A WALK TO REMEMBER
On a balmy winter afternoon, a diverse group of around 20 folks gathered at the entrance gate of one of the oldest and most prestigious universities of independent India – Rajasthan University. The one thing they had in common was their curiousity to know about the history, ethos, architecture and culture of this University. The occasion was a one-of-its-kind walk organized at the University of Rajasthan by the Jaipur Virasat Foundation as a part of the month-long walk and talk festival – A celebration of Jaipur. Led by Assistant Professor of History at Rajasthan University, Professor Abhimanyu Arha, the walk through the beautiful campus gave a great insight into the history, various departments, library as well as other interesting facets of the University through anecdotes as well as reminiscing of significant historical events and personas.
Taking the participants of the walk back to the birth of the University, Professor Arha shared that the seeds of a pan-Rajasthan university were sown as early as the 1920s. A huge conference was organized by the Agent of the Governor-General in Mount Abu on 20 June, 1924 to take this objective further. However, the struggle for independence slowed down the pace of planning. It was in the 1940s that the issue was taken up again by Sir Mirza Ismail and his successor in office Sir V.T. Krishnamachari. They played a huge role in setting up the University in Jaipur.
Born on January 8, 1947, the University was initially called the University of Rajputana. It was only in 1956 that it was renamed as the University of Rajasthan. The University office was temporarily set up in Kesargarh. Member of the Jaipur Royal Family, Sawai Man Singh II graciously made available to the university an extensive site of over 300 acres. About two miles from the center of the city, the site was considered ideal for a University campus.
The then Principal of Ferguson College, Pune, Dr. G. S. Mahajani, was appointed as the first Vice-Chancellor of the University. Mr. MM Verma was appointed as the first Registrar and he worked closely with Dr. Mahajani. The University was granted an annual grant of Rs. 2.5 lacs by the participating states of Rajputana. However, it is worth noting that it was made clear by the states the acceptance of the grant in no way detracted the autonomy of the University or its freedom to organize its teaching and administration.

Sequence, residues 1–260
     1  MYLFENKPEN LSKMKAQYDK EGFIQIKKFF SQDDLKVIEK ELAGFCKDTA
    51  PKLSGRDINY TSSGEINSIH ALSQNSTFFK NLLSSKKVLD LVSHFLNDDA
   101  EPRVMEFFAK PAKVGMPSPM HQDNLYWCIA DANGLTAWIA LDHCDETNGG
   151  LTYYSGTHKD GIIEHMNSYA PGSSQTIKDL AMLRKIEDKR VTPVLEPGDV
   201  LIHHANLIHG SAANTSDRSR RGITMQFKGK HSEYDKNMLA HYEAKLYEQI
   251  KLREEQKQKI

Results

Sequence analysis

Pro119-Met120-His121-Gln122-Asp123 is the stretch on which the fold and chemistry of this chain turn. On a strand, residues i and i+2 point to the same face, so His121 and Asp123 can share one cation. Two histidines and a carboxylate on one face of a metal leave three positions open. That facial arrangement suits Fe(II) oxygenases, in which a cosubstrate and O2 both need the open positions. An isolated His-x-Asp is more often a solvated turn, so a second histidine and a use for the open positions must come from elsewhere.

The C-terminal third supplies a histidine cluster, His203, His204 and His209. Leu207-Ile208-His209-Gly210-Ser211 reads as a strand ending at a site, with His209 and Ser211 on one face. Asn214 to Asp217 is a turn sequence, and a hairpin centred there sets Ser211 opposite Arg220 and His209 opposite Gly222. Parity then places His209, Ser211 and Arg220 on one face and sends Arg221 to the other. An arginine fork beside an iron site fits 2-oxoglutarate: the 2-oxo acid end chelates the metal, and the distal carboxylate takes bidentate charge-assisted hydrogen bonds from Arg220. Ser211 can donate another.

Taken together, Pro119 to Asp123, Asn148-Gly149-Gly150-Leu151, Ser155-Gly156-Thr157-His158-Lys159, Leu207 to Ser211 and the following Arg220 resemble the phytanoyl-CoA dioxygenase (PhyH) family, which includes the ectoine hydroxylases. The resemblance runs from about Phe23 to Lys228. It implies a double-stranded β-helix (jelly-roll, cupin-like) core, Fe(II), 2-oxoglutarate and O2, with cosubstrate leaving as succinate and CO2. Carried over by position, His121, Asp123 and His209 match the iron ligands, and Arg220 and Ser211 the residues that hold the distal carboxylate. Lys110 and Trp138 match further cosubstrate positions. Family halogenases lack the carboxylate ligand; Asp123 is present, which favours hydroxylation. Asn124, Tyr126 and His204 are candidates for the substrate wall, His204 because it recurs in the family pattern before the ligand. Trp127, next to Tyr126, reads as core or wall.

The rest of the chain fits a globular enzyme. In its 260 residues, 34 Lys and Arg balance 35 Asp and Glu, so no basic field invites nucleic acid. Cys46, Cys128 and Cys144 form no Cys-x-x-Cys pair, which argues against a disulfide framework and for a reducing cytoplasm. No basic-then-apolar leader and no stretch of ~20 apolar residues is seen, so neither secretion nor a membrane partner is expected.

Reminiscing some fascinating events from the past, Professor Arha threw light on the historical significance of the Rajasthan University campus as well. The first session of the Indian National Congress post-independence as well as post the assassination of Mahatma Gandhi was held in the Rajasthan University on December 18, 1948. He further shared that the Central Library, which started with 1500 books, today has as many as 4 Lakh titles including many rare books from the colonial times as well. A set of rare archives – ‘Mount Abu Records’ – too is housed in the Library of the Rajasthan University.
The foundation stone of the University Campus was laid by Shri C. Rajagopalachari on February 20, 1949. Professor Arha spoke in length about the able leadership, vision and foresight of the first three Vice-Chancellors of the University — Dr. G.S. Mahajani, Dr. G.C. Chatterji and Dr. Mohan Sinha Mehta. They played a crucial role in the development of the University, its campus, recruitment of faculty, among others. It was because of their hard work and efforts that the University was revered by the learned section of the society. They brought in different faculties, some of the finest scholars who after having served in the Rajasthan University for many years took up high positions at nationally renowned universities. Some of them include — Professor M. V. Mathur, Professor G. C. Pandey, Professor P. N. Srivastava, Professor R. C. Mehrotra, Professor Satish Chandra.
Based on his vast experience and visit to several renowned universities across the globe, Professor Arha recalled that there is hardly any University in the world which has a stunning fort overlooking it. The magnificent Moti Dungri fort coupled with the last of the setting sun was truly a sight to behold from the university campus. It was an apt conclusion for an enriching walk that made history by being the first-of-its-kind in the recent past.
The month-long series of walks and talks organized by the Jaipur Virasat Foundation was a great way to rediscover the Pink City as well as take a break from the monotonous routine owing to the Pandemic. It was compulsory for all the participants to wear masks and adequate social distancing was maintained as well.